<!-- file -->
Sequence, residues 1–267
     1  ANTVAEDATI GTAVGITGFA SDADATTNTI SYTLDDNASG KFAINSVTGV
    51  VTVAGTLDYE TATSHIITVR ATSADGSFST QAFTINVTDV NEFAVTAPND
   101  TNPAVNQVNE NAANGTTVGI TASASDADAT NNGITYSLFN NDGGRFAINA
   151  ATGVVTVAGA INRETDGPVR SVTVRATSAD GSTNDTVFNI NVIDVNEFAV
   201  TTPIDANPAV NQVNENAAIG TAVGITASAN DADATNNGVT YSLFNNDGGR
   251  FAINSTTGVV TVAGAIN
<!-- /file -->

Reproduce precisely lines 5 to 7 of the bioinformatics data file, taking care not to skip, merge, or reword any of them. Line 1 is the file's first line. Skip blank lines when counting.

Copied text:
   151  ATGVVTVAGA INRETDGPVR SVTVRATSAD GSTNDTVFNI NVIDVNEFAV
   201  TTPIDANPAV NQVNENAAIG TAVGITASAN DADATNNGVT YSLFNNDGGR
   251  FAINSTTGVV TVAGAIN